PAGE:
An activist investor wants Kohl to remove longtime president Peter Boneparth and veteran CEO Michelle Gass.
In a letter sent to the department store chain’s board of directors Thursday, Ancora Holdings said Boneparth and Gass failed to reverse Kohl’s “sustained underperformance” and unlock shareholder value.
“The combination of the ineffective leadership of the board led by Boneparth and the poor execution of the management, as the company’s numbers show, force us to ask for a new president and CEO at this critical crossroads,” wrote Ancora.
The letter states that Kohl’s shares have declined 11.38% since Bonepath’s appointment as director in 2008 and 24.71% since Gass was named CEO-elect in September 2017.
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The company, which owns 2.5% of the retailer’s outstanding shares, says it has spent nearly 18 months privately engaging with Kohl’s leadership on recommendations to help restore its business.
“We have thoughtfully withheld public criticism during this period to provide Kohl with time to recover from the COVID-19 pandemic, conduct a productive review of strategic alternatives, and produce a viable standalone plan that investors could support,” the letter states. “To our great disappointment, Kohl’s failed to realize each of these critical priorities under President Peter Boneparth (who was a director for nearly 15 years) and CEO Michelle Gass (who was a C-level leader for almost a decade). “
Ancora argues that Kohl needs new leadership with “proven experience in cost containment, margin expansion, product catalog optimization, and most importantly, turnarounds.”
Last year, Kohl’s agreed to add three new directors to its board after Ancora, Macellum Advisors and Legion Partners Asset Management attempted to take control. Sources familiar with the matter told FOX Business Ancora believes former Burlington Stores CEO Thomas Kingsbury, who joined Kohl’s board in 2021 as part of the deal, could work as a possible successor for Gass or Boneparth.
A Kingsbury representative did not immediately return FOX Business’ request for comment.
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According to Ancora, Gass is a “talented leader” who “deserves credit for establishing an innovative partnership with Sephora USA, Inc. and holding the organization together during the pandemic.”
However, they blame Gass for a “disturbing level of turnover in c-suite” and said he selected “suboptimal staff”. They also said that his compensation of nearly $ 60 million between fiscal years 2017 and 2021 was excessive given the company’s poor returns and alarming rate of contraction.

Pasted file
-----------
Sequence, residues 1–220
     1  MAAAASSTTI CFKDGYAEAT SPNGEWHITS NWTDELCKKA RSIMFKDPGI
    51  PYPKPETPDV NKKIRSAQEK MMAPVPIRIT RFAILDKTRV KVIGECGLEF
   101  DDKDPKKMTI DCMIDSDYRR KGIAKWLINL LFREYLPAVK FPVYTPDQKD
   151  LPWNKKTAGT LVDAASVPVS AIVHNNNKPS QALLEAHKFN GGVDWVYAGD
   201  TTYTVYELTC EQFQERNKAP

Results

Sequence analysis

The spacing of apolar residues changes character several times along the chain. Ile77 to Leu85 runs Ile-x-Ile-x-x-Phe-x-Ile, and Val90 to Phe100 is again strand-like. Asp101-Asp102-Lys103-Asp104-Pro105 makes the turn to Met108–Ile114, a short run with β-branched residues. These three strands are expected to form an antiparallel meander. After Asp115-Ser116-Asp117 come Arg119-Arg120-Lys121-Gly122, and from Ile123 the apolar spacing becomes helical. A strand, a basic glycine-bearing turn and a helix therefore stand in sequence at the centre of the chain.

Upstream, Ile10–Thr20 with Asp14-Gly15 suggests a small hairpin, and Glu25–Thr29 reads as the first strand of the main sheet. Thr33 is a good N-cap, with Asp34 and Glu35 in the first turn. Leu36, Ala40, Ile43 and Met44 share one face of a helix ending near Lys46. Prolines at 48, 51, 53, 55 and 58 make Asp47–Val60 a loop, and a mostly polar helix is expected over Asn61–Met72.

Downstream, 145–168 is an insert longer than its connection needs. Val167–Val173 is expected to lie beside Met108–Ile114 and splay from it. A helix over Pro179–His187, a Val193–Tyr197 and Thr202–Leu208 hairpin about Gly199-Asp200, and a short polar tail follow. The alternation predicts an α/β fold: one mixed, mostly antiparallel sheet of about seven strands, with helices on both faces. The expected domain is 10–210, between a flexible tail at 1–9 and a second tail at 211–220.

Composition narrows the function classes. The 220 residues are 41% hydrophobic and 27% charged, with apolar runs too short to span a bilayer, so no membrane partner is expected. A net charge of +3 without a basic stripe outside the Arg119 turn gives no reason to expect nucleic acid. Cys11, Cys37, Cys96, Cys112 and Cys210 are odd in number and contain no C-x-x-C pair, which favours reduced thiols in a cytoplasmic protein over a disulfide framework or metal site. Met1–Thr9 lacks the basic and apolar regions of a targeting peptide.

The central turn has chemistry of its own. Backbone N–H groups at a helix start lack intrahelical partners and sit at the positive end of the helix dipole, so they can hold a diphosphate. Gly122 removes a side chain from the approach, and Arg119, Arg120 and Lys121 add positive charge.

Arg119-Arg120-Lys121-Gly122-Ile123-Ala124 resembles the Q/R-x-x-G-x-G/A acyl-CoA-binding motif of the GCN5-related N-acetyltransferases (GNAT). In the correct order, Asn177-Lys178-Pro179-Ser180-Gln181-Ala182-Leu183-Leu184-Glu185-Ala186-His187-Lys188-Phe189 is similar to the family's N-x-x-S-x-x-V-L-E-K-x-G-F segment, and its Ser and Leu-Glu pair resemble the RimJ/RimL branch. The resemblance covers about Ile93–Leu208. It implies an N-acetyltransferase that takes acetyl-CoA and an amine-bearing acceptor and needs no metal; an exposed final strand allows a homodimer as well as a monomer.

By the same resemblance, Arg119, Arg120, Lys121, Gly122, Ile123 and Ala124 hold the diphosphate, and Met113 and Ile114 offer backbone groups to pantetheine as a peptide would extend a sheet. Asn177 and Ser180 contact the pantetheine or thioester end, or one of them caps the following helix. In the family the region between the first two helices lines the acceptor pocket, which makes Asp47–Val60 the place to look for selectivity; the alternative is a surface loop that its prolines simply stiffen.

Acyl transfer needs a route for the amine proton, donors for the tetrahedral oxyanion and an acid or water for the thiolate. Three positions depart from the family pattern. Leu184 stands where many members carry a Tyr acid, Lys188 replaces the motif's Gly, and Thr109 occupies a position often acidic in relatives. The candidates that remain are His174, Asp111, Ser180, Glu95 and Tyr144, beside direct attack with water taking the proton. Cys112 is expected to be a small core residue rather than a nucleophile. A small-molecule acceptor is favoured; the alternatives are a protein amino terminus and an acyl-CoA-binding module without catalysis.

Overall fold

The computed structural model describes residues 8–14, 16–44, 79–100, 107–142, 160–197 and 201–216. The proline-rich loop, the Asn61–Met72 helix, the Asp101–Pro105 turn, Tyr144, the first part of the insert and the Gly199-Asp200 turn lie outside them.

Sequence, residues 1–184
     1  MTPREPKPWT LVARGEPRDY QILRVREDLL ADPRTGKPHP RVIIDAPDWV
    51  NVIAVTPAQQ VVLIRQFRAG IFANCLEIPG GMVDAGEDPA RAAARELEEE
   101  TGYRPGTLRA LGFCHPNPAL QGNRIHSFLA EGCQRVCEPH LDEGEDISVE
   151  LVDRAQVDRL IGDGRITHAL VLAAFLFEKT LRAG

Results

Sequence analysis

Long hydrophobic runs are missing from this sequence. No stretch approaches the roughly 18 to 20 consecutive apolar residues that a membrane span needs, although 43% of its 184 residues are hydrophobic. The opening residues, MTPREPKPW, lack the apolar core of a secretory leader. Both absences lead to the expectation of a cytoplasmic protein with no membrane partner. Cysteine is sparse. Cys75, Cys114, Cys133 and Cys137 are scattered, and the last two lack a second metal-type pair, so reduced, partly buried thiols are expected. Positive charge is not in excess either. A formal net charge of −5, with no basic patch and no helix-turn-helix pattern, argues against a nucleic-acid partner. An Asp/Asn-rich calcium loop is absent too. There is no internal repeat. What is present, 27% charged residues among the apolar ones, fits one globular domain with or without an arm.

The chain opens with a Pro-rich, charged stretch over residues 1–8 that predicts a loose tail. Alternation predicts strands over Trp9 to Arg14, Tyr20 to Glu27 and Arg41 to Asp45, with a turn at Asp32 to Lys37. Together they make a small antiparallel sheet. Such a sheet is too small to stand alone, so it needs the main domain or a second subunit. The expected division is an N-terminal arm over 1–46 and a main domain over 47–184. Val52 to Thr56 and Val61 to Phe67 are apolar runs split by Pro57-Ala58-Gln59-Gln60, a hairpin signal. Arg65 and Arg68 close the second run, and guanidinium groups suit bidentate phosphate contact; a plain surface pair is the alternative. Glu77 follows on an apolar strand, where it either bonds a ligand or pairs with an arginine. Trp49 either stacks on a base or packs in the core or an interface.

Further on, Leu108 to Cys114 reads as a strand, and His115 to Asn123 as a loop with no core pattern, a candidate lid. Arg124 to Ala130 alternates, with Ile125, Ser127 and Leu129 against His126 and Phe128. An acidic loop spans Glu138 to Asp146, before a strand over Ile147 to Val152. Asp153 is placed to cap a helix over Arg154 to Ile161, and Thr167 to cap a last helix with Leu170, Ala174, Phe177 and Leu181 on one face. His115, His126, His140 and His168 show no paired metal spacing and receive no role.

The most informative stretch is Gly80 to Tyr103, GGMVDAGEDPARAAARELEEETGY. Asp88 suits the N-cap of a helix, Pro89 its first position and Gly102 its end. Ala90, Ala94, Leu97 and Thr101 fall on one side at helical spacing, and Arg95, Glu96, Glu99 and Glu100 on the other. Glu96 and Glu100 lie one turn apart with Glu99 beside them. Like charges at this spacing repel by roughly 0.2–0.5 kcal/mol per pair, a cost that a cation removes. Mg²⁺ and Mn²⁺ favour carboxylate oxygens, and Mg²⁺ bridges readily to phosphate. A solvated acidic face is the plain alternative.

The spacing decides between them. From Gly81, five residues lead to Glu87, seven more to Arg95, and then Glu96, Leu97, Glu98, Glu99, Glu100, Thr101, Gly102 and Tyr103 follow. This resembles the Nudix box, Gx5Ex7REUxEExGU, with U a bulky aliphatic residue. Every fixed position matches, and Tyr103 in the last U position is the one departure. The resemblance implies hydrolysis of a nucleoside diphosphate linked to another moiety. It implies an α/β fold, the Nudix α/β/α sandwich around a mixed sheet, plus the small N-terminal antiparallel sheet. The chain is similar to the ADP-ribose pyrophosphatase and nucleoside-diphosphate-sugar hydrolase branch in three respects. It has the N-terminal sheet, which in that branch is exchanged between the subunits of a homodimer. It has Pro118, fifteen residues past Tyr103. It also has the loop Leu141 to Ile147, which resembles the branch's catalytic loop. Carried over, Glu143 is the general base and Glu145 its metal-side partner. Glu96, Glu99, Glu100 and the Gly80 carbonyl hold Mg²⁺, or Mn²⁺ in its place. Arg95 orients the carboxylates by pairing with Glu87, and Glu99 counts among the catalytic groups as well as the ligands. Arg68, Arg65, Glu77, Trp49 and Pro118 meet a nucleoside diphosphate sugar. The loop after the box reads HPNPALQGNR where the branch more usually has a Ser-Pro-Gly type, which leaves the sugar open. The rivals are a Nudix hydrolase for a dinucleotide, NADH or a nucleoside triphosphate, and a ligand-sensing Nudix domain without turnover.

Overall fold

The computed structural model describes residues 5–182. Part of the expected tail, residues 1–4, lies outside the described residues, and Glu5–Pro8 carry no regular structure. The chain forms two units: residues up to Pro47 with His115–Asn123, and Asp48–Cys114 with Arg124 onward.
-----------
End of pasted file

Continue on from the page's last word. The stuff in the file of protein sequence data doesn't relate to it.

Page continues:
Additionally, the letter states that the Boneparth-led council has helped create an environment in which Gass “is no longer well positioned to lead.”
A Kohl’s spokesperson told FOX Business that the board “unanimously supports” Gass and his leadership team.
“We remain committed to maximizing value and acting in the best interest of all our shareholders by staying focused on running the business and the Board continues to actively engage with management to navigate the current retail environment,” added the company. society.
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The letter comes after Kohl’s turned down multiple offers from potential buyers because they were too low. Most recently, Kohl’s sales talks with Franchise Group broke down in July. The owner of Vitamin Shoppe initially offered $ 60 per share, but later lowered the offer to $ 53 per share due to an uncertain economic environment.
Earlier this month, people familiar with the matter told Reuters that private equity firm Oak Street Real Estate Capital made an offer to acquire up to $ 2 billion of Kohl’s property and have the company. for rent its shops.
Standard & Poor’s downgraded Kohl’s on Sept. 16, citing that competitive pressures in the evolving and highly competitive department store segment remain significant.
“With a failed review of alternatives and the recent credit downgrade now casting shadows on what is a shrinking business, we estimate Kohl’s has started trading at a steep discount to its liquidation value,” the letter adds. Yet. “It is now up to management to start performing flawlessly in an environment that includes high inflation, intense competition and headwinds of recession.”
At the time of publication, Kohl’s shares have plummeted about 45% year to date.